AMERICAN GOLF IS BACK!
How To… Play Tiger’s Knockdown Shot?
By Paul Charman, GP Teaching Professional
During the summer months I consistently match and sometimes better my 15 handicap. In the winter I struggle to break 90 on a good day. I’ve got a bad attitude about playing in dodgy weather and I particularly hate windy conditions. Can you help?
It doesn’t do a player any good to make good progress with their game during the better weather and then spend the next five months feeling like they’re going backwards. Creighton, it sounds like a lot of your problems are nothing to do with your playing abilities – more like you’ve given up on yourself as soon as you see a dark cloud pass by your window.
What you need is something in your armoury you feel you can rely on, even in the toughest circumstances. You can call it a punch or a squeeze, but to many, including some bloke called Tiger Woods, it’s a knockdown shot. When you’re staring into a wind that’s threatening to tear the top of your head off, this is the baby that’ll get you on the dancefloor. The aim is to send the ball on a lower trajectory under the wind, with less spin than you would normally generate. It won’t win a beauty contest, but if it’s good enough for a links master like Tom Watson, it should do you just fine.
1. Check the yardage and choose one, possibly two, clubs more than you would normally need. Take a slightly wider stance than usual, making sure you place more weight on your forward foot, approximately 60 per cent, with 40 per cent on your back foot. The ball should be set further back in your stance – this will enable you to keep on top of the ball and produce a lower ball flight.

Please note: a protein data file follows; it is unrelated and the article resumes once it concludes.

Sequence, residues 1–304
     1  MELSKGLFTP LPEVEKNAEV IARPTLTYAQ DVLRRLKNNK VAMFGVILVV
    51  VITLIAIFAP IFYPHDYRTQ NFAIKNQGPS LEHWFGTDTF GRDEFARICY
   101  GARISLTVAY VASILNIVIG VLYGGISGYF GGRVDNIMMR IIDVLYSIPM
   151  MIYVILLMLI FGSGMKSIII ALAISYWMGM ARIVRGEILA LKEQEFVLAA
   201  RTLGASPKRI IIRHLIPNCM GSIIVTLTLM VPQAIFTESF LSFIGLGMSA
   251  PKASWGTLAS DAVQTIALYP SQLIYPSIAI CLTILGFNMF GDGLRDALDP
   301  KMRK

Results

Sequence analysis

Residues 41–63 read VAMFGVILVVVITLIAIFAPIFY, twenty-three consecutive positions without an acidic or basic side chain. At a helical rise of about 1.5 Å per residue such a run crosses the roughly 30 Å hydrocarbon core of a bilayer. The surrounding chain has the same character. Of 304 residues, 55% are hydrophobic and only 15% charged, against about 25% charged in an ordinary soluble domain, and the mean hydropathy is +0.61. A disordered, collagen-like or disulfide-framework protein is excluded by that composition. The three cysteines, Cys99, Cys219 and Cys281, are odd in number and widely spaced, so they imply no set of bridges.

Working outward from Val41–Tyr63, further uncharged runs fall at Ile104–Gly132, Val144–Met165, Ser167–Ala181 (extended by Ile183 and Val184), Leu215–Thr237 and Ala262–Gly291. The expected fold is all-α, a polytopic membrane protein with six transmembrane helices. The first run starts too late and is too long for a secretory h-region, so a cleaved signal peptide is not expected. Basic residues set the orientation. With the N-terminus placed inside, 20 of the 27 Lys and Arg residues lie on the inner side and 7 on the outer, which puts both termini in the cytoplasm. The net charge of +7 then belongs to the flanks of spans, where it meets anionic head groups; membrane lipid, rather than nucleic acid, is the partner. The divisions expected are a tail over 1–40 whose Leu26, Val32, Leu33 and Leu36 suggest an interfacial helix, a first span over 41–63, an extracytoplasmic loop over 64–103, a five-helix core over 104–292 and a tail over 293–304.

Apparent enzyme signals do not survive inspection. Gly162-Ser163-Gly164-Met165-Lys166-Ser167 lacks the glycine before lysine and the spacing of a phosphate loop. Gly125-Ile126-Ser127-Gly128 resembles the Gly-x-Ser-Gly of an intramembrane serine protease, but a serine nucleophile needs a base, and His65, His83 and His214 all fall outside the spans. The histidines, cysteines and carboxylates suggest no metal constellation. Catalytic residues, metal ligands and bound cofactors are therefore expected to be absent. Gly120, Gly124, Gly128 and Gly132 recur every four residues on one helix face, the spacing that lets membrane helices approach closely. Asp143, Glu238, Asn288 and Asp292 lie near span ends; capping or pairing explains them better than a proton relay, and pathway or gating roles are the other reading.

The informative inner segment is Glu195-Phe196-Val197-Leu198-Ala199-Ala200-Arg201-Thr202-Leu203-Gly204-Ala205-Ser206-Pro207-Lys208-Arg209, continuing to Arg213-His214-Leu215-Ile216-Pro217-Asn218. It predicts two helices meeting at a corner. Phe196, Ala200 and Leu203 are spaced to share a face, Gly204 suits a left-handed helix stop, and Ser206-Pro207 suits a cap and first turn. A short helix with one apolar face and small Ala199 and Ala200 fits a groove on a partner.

2. Move your hands down the grip an inch or two to gain more control. Make a three-quarter backswing. Remember to keep your wrists firm throughout the swing – this is one of the best ways to restrict the amount of spin you put on the ball. Through impact, try and keep your hands ahead of the ball. You want to get the feeling you’re keeping your body down and forward with your weight moving towards the target.
3. Finish the swing with a threequarter length followthrough. Whatever you do, don’t try and hit the ball too hard. A common mistake is that most golfers try to force the ball through the wind. Remember the harder you hit it, the more spin you generate and the more likely it is that the ball will balloon and fall short of your target.
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